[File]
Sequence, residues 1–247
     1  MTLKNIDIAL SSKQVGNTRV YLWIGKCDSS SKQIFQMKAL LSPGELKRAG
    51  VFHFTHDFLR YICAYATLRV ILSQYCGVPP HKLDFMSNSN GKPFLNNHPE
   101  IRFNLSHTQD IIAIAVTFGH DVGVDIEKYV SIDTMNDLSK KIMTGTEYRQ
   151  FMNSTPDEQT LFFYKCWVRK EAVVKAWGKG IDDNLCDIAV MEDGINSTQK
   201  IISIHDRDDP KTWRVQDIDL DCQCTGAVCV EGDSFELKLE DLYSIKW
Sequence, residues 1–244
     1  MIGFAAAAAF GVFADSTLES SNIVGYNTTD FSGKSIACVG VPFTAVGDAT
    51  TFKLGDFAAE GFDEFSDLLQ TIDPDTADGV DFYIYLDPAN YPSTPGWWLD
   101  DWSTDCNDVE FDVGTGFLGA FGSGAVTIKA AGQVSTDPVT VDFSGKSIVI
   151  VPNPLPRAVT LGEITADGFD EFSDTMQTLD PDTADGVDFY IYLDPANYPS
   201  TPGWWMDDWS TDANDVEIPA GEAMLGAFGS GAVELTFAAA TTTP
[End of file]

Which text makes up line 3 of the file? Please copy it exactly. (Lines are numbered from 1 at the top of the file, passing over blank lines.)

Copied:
    51  VFHFTHDFLR YICAYATLRV ILSQYCGVPP HKLDFMSNSN GKPFLNNHPE